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I'm trying to mimic the following code using atomic inline assembly code:

struct Node{
    Node * next;
    int value;
}

typedef struct Node * Node_ptr;

Node_ptr store(Node_ptr ** L, Node_ptr * I){
    pthread_mutex_lock (&queue_mutex);
    Node_ptr tmp = **L; 
    **L = *I;
    pthread_mutex_unlock (&queue_mutex)
    return tmp;
}

Here is what I've tried:

Node_ptr tmp;
__asm volatile ("lock; movq %1, %%rax; movq %%rax, %0"
                    : "=r" (tmp)
                    : "r" (**L)
                    : "%rax"
                    );

__asm volatile ("lock; movq %1, %%rax; movq %%rax, %0"
                    : "=r" (**L)
                    : "r" (*I)
                    : "%rax"
                    );
return tmp;

However I'm getting a "Illegal Instruction" error and I'm having trouble seeing where I went wrong. Does anyone have some insight as to what is the issue?

Thanks

Edit: added definition for node_ptr

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The lock prefix is allowed on just a few instructions. mov is probably not one of those. –  Bo Persson Mar 14 '13 at 7:42
1  
The example looks like C, not C++ code –  Bartek Banachewicz Mar 14 '13 at 8:03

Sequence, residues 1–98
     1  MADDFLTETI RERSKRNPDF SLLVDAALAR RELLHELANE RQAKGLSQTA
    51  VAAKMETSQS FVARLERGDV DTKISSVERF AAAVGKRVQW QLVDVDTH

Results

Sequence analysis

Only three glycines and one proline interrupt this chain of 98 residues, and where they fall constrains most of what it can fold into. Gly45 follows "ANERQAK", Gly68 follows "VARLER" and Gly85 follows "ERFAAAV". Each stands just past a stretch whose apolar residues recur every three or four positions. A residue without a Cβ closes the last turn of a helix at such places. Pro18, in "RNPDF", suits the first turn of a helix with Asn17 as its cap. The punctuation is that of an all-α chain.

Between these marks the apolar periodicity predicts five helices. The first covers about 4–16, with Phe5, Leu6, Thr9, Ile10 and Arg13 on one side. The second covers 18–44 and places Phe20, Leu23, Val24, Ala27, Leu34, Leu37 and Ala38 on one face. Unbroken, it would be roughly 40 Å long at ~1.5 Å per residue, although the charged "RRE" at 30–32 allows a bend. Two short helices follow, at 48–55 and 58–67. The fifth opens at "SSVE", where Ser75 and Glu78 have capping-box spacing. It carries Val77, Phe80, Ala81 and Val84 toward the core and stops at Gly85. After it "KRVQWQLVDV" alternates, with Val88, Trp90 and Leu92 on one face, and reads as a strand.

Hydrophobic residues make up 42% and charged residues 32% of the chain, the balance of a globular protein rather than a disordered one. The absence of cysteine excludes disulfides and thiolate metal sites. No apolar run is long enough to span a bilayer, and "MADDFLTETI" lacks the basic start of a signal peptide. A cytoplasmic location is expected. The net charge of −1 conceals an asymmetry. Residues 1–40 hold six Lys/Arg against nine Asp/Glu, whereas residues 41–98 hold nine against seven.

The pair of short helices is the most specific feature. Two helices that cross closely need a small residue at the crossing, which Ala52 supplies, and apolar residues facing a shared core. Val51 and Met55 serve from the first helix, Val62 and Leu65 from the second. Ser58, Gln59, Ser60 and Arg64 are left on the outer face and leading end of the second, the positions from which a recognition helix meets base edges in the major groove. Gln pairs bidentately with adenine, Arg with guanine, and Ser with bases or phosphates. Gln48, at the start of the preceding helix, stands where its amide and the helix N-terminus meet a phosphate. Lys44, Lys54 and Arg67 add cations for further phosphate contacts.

It would help if we knew what a Node_ptr was defined as. –  selbie Mar 14 '13 at 8:10
    
I think you want to use LOCK XCHG, but it depends on what Node_ptr is. Look at using the gcc atomic intrinsics to see if that helps out better: gcc.gnu.org/onlinedocs/gcc-4.1.2/gcc/Atomic-Builtins.html –  selbie Mar 14 '13 at 8:15

2 Answers 2

Intel's manual says the following on the topic of the LOCK prefix:

The LOCK prefix can be prepended only to the following instructions and only to those forms of the instructions where the destination operand is a memory operand: ADD, ADC, AND, BTC, BTR, BTS, CMPXCHG, CMPXCH8B, DEC, INC, NEG, NOT, OR, SBB, SUB, XOR, XADD, and XCHG. If the LOCK prefix is used with one of these instructions and the source operand is a memory operand, an undefined opcode exception (#UD) may be generated. An undefined opcode exception will also be generated if the LOCK prefix is used with any instruc-tion not in the above list.

The best thing to do here (apart from reading the several thousand pages thick manuals from intel) is to look at what kind of output your compiler generates for the c++ code, that should give you an idea.

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The compiler could just generate a call pthread_mutext_lock. What he's interested in (I think) is what happens in that function; it doesn't call into the OS unless there is contention. –  James Kanze Mar 14 '13 at 8:51
    
@James True enough, but nothing stops you from just using a debugger and stepping into that.. well and that you may need to use KDB to get the really interesting stuff. –  Voo Mar 14 '13 at 19:35

What you're looking for is the CMPXCHG instruction. (You'll still need the LOCK prefix.)

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